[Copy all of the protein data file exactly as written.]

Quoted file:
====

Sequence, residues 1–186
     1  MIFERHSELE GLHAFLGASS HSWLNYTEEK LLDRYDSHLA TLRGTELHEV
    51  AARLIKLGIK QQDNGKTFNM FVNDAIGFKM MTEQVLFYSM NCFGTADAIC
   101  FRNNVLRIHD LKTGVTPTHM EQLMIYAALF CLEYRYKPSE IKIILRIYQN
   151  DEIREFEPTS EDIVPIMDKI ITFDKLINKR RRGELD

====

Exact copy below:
Sequence, residues 1–186
     1  MIFERHSELE GLHAFLGASS HSWLNYTEEK LLDRYDSHLA TLRGTELHEV
    51  AARLIKLGIK QQDNGKTFNM FVNDAIGFKM MTEQVLFYSM NCFGTADAIC
   101  FRNNVLRIHD LKTGVTPTHM EQLMIYAALF CLEYRYKPSE IKIILRIYQN
   151  DEIREFEPTS EDIVPIMDKI ITFDKLINKR RRGELD